Our relationship with popularity started early for most all of us. It’s hard to say where it began, but perhaps it started with whatever new toy was “the rage” of the day. Everyone had one and we were sure we wanted one as well. Depending on your current age, you likely have a few items come to mind right away. Perhaps it was a hula hoop when they were first popular or a slinky that bounded down our stairs one at a time. There were those Matchbox cars that were collected and Barbie dolls to get and games that were popular certain years.
By the time we were off to school we started looking at what clothing was popular and pleading with our parents that we “just had to have” whatever that item was despite the cost and whether or not we already had other items that took care of that need. We wanted to be like everyone else. Often shoes were the ever-changing landscape of our quest. Saddle shoes (also known by some as oxfords) were the absolute “in” and just about the time you managed to get a pair, they were “out” and maybe penny loafers were what everyone else was wearing.
Some of you are too young to recall some of those quests. For you it as more about the kind of gym shoes you had to wear and how you could possibly persuade your parents to agree to pay the price the store was asking for them.
Growing up on a small Midwest farm meant I was usually at least a year behind the current trend (if I ever got the trend at all). My parents insisted that saddle shoes were not practical with those white toes to get scuffed and tramped on, so they never became a part of my life until the trend had gone on to something else.
Unfortunately, we became convinced that having certain items that were “in” meant we would be part of the “in” group as well because it was pretty clear to us at an early age that peers tended to either be in the “in group” or “outsider” group. And it didn’t take very long for us to be convinced that once we were labeled in one group or the other that it was unlikely, we could ever shake that category.
The right bike was also a big deal for many as a kid and before long we began to equate having something popular with being someone who was popular. To be popular meant we wouldn’t feel isolated on the playground and we wouldn’t be the last one chosen when our class divided up on teams.
When we “grew up” and became adults we were supposed to have put aside those wonky ideas about popularity, but what was sadly true was that we often still were seduced into considering the worth of something (or someone) based on popularity. It made us open to choosing what was popular over what was true or right.
“What is wrong is to evaluate the worth of words and deeds by their popularity. What is scandalous is to approve only what is applauded. What is disastrous is to assume that only the celebrated is genuine.”Eugene Peterson in Run with the Horses
To fall prey to the things Peterson notes is to look at the outward appearance and what is popular versus the inward character of the person that is what really matters and makes the difference over a lifetime. We easily get caught up in the short view versus the long game. History will show the worth of the words, the deeds – the person. Perhaps that is what tempts us to avoid studying history or to prefer to cherry-pick what we decide is true if we do look at it.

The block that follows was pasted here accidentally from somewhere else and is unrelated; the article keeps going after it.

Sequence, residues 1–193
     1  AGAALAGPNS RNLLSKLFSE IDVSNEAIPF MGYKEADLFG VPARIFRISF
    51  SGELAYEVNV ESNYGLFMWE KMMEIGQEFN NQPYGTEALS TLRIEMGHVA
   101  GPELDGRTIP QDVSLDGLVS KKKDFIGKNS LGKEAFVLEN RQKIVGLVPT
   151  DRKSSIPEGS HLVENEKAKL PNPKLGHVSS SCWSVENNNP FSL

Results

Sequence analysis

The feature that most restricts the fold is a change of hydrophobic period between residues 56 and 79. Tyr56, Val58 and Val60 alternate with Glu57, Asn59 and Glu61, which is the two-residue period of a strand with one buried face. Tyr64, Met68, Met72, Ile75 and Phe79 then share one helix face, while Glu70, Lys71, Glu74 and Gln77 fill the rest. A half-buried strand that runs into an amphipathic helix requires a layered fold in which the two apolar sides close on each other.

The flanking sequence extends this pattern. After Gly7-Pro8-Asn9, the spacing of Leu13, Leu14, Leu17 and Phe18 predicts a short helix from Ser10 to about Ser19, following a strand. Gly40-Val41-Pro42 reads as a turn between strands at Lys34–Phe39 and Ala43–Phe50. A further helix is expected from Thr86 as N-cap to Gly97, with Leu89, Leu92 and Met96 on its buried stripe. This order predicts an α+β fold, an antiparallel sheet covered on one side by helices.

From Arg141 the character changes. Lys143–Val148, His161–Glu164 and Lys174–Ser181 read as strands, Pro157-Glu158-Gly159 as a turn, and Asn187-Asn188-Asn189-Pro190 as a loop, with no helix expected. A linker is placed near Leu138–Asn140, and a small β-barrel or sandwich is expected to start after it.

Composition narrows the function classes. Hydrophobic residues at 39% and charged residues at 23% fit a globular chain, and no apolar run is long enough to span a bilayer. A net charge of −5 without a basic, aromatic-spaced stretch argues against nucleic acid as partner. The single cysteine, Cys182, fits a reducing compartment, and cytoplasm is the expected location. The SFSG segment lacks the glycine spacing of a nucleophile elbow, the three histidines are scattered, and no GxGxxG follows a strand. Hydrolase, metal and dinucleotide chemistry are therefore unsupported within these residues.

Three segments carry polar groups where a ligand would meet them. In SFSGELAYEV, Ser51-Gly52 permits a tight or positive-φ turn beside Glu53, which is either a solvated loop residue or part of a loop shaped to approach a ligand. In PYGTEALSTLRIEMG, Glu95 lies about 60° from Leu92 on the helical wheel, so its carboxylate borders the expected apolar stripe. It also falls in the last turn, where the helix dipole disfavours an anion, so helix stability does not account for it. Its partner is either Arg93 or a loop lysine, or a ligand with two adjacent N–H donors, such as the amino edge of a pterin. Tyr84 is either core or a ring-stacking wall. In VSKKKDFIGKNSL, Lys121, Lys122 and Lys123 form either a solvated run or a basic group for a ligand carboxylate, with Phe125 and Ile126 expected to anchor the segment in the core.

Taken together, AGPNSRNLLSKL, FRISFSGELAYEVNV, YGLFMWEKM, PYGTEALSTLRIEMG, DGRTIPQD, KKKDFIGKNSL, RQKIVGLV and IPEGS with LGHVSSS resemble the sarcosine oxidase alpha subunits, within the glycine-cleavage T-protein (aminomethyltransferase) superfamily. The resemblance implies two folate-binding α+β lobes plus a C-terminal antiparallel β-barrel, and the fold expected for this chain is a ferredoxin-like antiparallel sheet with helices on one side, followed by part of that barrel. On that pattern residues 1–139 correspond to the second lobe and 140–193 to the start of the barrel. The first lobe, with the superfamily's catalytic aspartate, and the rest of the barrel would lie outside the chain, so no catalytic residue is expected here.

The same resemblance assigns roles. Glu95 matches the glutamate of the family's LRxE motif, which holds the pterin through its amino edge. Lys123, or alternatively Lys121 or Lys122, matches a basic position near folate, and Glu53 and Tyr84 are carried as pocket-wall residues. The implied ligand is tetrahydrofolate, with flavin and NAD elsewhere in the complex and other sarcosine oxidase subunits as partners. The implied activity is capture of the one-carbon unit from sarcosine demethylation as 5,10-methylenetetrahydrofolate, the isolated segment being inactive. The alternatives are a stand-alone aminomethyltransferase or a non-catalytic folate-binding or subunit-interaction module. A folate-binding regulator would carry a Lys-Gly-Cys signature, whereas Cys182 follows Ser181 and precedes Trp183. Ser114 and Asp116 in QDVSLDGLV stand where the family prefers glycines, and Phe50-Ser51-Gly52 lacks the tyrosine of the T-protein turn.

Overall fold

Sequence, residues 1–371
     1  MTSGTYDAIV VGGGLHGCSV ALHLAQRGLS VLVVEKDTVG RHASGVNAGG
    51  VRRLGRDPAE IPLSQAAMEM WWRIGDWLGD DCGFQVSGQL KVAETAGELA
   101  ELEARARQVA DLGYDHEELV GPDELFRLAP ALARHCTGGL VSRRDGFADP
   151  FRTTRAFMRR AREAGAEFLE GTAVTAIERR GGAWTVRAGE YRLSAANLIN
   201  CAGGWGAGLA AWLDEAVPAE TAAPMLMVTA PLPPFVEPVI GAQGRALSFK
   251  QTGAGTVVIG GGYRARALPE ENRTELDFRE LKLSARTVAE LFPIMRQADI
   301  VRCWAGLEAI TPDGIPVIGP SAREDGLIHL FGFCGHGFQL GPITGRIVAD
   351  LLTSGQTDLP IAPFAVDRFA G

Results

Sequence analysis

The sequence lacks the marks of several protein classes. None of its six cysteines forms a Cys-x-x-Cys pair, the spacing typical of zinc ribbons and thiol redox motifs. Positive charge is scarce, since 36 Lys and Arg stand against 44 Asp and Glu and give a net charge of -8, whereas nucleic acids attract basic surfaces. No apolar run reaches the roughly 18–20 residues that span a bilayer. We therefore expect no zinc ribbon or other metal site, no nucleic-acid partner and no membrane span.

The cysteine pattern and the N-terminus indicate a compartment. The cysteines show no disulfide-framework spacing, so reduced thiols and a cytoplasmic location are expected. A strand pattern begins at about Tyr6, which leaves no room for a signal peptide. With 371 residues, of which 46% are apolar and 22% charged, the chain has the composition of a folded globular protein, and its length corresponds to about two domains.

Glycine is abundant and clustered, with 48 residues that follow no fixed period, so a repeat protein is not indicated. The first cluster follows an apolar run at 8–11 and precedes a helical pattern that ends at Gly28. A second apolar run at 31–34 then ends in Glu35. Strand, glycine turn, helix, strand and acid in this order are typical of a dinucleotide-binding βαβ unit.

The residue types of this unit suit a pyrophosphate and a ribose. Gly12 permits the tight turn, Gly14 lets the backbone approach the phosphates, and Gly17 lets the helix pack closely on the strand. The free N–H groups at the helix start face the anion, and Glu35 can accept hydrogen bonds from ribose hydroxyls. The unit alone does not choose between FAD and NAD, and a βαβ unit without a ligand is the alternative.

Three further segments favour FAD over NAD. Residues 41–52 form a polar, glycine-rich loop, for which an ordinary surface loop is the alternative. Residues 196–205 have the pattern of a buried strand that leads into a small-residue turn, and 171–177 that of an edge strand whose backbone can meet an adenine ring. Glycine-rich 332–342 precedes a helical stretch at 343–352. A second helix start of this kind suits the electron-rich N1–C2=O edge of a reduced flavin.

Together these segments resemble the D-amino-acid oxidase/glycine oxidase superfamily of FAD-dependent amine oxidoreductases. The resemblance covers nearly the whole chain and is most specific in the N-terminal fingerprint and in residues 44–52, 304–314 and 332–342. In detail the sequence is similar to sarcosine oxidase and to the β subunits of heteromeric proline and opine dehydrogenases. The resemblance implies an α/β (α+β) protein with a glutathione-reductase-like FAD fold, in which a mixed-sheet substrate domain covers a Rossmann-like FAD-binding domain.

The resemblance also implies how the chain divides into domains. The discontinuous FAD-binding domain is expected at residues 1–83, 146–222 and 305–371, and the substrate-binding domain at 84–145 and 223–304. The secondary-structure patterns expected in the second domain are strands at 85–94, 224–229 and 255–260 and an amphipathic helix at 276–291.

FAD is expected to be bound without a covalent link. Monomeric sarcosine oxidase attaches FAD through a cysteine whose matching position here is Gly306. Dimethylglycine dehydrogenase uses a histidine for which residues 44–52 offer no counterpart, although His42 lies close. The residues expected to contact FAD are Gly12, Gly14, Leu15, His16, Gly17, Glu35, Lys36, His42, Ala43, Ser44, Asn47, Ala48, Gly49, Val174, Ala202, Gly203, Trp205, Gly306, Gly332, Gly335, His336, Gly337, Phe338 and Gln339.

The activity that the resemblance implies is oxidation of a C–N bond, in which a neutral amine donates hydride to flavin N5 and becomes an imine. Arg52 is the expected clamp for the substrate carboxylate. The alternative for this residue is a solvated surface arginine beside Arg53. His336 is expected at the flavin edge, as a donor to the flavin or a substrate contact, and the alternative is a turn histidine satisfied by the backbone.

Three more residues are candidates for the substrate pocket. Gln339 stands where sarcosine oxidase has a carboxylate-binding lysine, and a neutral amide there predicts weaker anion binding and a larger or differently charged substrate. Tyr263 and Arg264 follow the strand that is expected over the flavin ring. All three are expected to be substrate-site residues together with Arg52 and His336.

It’s likely that the Old Testament prophets were some of the least popular people of the day. They were called by God to speak the truth when it wasn’t popular, when it hurt. One of those I have spent a good bit of time looking at in recent months was Jeremiah (thanks in part to Eugene Peterson’s book looking at his life and character).
“Jeremiah’s task was to challenge the lies and speak the truth. Why do we so easily swallow the lies? Why do we find it so difficult to accept the truth? Because we are looking for bargains. We want shortcuts. There are no easy ways. There is only one way. If we are going to be complete human beings, we are going to have to do it with God. We will have to be rescued from these despotic egos that reduce us to something less than human. We will need to expose the life of self-centeredness and proclaim the truth of God-centeredness.”Eugene Peterson in Run with the Horses
We live in a time where more information is thrust at us in a nanosecond than was thrust in a week during certain eras, but that does not mean we know more. It just means we have more to sort through in order to determine what is true versus what is popular. It can be too easy to leave laying out that information before God in making that decision for discernment and wisdom because that is the long road, and we are so bombarded with information that we want the latest digest or article on the subject without knowing or even looking to see if it is a sound source upon which to make our decision.
That brings to mind Paul’s words to Timothy:
“always learning but never able to come to a knowledge of the truth.”2 Timothy 3:7 (NIV)
Growing up poor in the backwoods without proper schooling along with an awkward gawky appearance never drew people to Abraham Lincoln, but his character and his courage in the midst of unpopularity left a mark on history beyond what those who were popular in his day could never have guessed. What would Lincoln advise about popularity?
“Avoid popularity if you would have peace.”Abraham Lincoln